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January 2022

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Thoughts for a New Year in Behavioral Healthcare

Over the past many years, the Annapolis Coalition has done important work addressing the frontline behavioral health workforce, primarily focusing on this important group of workers as “neglected” in some or many ways, needing recognition about its value in what it provides in the care of individuals entrusted to behavioral health. Board member Leighton Huey, MD, poses key questions about the behavioral healthcare system and how new thinking and models might improve not only workforce development, but also quality of care overall. {Read the essay here.}

National Council, HMA prepare recommendations for workforce crisis

The National Council for Mental Wellbeing, in collaboration with Health Management Associates (HMA), has prepared a series of three issue briefs to offer immediate actions states can take to expand current capacity and build a more stable future mental health and substance use treatment workforce.


The first brief (now available) Behavioral Health Workforce is a National Crisis: Immediate Policy Actions for States, is a summary of the policy, financial and regulatory waiver recommendations. The second brief (to be published this month) will focus on clinical care delivery models and digital solutions, and the third brief (coming in February) will focus on strategies to address diversity, equity and inclusion in the behavioral health workforce.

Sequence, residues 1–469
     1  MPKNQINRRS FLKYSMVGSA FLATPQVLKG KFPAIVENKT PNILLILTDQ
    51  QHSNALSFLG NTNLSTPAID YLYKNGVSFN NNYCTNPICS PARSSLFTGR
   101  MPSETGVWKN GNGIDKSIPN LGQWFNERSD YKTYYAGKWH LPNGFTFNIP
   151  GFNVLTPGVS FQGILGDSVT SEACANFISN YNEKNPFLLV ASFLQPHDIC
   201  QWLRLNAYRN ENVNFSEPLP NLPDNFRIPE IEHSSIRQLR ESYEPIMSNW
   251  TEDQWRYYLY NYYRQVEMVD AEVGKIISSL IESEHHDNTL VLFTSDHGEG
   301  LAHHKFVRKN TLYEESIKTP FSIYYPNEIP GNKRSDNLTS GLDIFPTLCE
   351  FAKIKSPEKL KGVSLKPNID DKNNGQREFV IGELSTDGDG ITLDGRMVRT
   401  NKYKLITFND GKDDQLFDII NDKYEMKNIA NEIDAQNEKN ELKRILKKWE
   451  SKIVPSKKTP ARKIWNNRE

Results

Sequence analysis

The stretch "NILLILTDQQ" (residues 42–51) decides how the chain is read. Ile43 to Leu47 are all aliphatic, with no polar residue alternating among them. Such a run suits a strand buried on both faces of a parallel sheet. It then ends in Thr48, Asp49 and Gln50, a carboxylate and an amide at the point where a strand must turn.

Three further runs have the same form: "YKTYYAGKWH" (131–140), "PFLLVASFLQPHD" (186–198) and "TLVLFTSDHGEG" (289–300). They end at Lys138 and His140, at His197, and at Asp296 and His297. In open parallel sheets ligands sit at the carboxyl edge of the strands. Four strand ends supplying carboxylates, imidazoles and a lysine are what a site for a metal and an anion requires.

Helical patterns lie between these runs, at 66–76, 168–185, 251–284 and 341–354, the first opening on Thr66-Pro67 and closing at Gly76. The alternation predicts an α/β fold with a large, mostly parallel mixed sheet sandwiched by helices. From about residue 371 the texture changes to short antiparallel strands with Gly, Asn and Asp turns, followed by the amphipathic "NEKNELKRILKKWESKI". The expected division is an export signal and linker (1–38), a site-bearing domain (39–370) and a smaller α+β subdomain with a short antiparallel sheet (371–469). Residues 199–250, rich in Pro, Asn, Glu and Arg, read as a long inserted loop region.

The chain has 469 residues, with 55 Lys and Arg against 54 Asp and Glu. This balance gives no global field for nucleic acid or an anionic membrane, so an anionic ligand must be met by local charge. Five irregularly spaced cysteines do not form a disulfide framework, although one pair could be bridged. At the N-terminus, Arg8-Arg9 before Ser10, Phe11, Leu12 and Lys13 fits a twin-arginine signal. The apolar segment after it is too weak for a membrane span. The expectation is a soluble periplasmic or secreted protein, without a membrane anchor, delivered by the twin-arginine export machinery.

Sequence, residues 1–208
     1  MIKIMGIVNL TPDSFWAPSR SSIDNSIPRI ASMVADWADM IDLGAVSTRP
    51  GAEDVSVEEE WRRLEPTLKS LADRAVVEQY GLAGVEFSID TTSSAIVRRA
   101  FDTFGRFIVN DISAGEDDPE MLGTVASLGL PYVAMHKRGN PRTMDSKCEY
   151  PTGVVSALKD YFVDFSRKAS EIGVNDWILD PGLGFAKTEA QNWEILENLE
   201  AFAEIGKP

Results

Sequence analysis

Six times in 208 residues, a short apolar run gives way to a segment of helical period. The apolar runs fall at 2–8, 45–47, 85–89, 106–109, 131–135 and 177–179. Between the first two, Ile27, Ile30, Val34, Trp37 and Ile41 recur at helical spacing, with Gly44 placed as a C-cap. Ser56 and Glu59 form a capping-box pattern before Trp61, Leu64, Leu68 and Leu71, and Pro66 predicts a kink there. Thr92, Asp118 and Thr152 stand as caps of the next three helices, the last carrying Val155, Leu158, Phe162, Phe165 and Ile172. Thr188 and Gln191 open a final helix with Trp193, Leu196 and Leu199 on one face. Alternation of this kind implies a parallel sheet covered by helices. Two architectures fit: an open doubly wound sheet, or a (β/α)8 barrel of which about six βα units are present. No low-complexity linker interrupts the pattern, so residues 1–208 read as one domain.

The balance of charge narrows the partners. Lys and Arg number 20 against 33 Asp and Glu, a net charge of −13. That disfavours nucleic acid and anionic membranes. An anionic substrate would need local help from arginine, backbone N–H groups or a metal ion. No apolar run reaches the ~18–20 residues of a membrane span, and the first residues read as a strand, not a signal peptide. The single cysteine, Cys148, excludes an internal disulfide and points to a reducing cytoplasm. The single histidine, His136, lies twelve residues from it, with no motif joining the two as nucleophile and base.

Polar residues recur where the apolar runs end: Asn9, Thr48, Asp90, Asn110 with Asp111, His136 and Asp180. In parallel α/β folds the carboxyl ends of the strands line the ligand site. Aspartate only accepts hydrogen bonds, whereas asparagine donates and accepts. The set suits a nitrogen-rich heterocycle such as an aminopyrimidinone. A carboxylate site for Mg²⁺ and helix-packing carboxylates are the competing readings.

Additionally, the Center of Excellence for Integrated Health Solutions will host a virtual office hour/panel discussion on Monday, January 31 from 1 – 2 pm (ET). Transforming Care Delivery & Addressing the Workforce Shortage through Short-term Policy Action will focus on the release of the second brief (Clinical Care Delivery Models and Digital Solutions with an Emphasis on Leveraging the Certified Community Behavioral Health Clinic Model). Learn more and register here.


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Overdose deaths grow...and grow...

Despite increased funding for services, increased access to medication assisted treatment, and ever-growing community efforts into harm reduction practices, drug overdoses in the U.S. were estimated to be 100,306 in the 12-month period ending April 2021, a record high. Complicated by a pre-existing opioid epidemic and the COVID pandemic, those who had the worst health access, especially minority groups and the poor, have been most impacted just as in other previous major disasters and pandemics. America’s overdose deaths, like COVID-19 deaths, expose deep inequalities and disparities in health access and recovery. {Read more in this article by Annapolis Coalition Chair, Mike Flaherty, Ph.D.}

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